Saturday, 3 April 2010

LEGO Military Build Challenge #3: Rescue!

As usual at the end of a build challenge, I bring you my own overview of the various submitted models. It's a bit shorter than the previous two, quite simply because we had fewer entries. I'm hoping this means that everybody had plenty of ideas of their own rather than that we've chosen a poor subject.

It certainly got creative juices flowing with cm946. His entry for this challenge is probably also the most imaginative or weirdest depending on your point of view. I won't make any statements either way, it is called the Monkey Search and Reskewer, and according to the background story (for which you need to click the picture) was used to 'fend off abnormally large Sharks, of both the Sky and Sea varieties'.
Monkey Search an' Reskewer
Actually, I will make a statement: dude, I don't know what you've been sniffing, but I wouldn't be surprised if it's illegal (only joking).

I wasn't sniffing anything other than a sea breeze when I got the idea for my own entry. In the last few months I took two trips to Den Helder in the North of The Netherlands, visiting the Royal Netherlands Naval College. Den Helder is the home base for the Dutch Navy's SH-14D Lynx helicopters, and that's what I decided to build.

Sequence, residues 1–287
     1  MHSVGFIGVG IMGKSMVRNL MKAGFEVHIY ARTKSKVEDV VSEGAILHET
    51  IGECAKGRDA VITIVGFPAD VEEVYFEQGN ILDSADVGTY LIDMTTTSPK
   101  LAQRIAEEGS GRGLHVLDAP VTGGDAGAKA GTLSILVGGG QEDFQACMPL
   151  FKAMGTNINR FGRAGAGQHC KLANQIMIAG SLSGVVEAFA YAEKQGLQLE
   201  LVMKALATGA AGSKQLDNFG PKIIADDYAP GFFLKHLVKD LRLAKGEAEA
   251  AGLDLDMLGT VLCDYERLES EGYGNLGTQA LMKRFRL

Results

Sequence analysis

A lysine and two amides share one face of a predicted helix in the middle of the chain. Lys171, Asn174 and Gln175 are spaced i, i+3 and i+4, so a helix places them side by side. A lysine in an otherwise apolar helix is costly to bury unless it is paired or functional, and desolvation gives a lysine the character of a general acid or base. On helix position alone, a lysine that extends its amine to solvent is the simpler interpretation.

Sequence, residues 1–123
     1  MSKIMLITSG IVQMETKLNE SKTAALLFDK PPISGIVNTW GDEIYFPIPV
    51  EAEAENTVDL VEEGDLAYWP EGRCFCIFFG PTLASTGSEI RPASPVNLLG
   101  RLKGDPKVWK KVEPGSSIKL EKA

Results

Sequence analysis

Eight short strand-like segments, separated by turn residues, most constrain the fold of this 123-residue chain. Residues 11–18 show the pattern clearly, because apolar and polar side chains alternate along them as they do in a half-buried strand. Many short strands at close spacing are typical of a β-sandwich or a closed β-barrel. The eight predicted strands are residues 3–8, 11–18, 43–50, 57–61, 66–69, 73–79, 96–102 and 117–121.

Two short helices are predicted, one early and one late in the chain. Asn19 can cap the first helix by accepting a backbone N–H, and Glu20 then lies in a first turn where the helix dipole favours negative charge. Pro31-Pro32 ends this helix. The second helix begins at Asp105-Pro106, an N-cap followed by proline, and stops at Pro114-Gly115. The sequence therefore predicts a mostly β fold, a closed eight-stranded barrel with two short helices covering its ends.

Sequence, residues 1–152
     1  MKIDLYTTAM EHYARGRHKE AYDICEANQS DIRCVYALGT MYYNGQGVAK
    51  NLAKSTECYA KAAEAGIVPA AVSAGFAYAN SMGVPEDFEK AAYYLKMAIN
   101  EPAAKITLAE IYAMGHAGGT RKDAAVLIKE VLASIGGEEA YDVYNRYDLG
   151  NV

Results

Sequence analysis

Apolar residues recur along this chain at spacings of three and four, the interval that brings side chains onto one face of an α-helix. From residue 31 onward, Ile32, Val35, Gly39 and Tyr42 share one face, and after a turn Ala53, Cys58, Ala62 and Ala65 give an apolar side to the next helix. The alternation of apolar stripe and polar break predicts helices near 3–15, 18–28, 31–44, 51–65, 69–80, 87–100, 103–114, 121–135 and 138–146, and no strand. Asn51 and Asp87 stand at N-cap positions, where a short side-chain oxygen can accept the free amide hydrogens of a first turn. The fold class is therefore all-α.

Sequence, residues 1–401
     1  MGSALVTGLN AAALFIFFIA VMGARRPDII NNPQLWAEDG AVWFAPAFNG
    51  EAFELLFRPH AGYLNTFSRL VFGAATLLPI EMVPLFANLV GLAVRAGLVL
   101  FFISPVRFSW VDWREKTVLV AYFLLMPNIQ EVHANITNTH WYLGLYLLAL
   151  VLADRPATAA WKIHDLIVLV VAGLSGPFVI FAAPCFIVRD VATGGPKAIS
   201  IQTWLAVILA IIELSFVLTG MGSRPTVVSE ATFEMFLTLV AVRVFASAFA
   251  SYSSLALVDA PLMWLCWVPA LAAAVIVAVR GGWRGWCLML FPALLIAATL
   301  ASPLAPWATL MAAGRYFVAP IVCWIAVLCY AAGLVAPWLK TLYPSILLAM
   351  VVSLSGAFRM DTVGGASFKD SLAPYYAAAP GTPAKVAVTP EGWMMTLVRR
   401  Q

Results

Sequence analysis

Royal Netherlands Navy SH-14D Lynx (1)
One of their missions is Search-and-Rescue over the North Sea.

Necessity is the mother of invention. What do you do if a) your troops desperately need food or ammo and b) you don't ave any dedicated cargo aircraft or helicopters? Brickgeek's solution is the Osprey 1, a crop duster turned into a multi-purpose support aircraft.
Osprey1


Some of us may still be building HumVees, but my fellow blogger Chandler Parker is already looking forward to the HumVee's successor: the Joint Light Tactical Vehicle, building an ambulance version.
Joint Light Tactical Vehicle ambulance
Among other goodies it has working suspension and a cleverly constructed windscreen. It's also hard to beat the effective simplicity of a brick-built red cross logo.